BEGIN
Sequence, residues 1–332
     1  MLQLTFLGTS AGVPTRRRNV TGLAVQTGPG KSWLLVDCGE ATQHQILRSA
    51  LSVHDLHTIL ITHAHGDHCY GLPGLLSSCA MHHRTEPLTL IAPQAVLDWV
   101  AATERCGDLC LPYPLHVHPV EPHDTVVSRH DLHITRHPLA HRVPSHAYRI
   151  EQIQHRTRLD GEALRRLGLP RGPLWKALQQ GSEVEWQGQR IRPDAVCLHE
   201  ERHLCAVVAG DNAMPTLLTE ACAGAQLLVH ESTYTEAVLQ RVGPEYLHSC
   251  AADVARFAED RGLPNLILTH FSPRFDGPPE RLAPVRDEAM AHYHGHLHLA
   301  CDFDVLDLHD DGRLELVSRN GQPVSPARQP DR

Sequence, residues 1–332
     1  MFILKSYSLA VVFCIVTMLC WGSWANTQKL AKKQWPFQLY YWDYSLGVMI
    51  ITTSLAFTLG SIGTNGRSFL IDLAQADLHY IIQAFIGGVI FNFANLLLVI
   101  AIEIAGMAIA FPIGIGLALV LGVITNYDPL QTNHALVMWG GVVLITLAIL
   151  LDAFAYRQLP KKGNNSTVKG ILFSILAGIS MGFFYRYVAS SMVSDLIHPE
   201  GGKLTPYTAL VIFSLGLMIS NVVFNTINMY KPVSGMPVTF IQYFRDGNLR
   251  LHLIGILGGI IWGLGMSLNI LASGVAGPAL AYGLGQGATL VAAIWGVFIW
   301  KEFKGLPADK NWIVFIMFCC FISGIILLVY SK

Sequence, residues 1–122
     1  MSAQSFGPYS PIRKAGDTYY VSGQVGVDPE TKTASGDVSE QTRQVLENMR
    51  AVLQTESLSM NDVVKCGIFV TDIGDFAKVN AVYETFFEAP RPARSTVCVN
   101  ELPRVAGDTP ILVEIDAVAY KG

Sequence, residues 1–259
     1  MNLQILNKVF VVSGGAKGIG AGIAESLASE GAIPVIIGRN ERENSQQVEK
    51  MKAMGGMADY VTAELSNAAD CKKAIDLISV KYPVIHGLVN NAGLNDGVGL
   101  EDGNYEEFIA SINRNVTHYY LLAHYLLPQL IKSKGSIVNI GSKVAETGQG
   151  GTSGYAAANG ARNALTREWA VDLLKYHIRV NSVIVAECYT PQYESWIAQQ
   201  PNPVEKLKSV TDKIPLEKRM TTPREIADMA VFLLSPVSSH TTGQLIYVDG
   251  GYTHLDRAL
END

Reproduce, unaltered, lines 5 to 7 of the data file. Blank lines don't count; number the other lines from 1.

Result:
   151  EQIQHRTRLD GEALRRLGLP RGPLWKALQQ GSEVEWQGQR IRPDAVCLHE
   201  ERHLCAVVAG DNAMPTLLTE ACAGAQLLVH ESTYTEAVLQ RVGPEYLHSC
   251  AADVARFAED RGLPNLILTH FSPRFDGPPE RLAPVRDEAM AHYHGHLHLA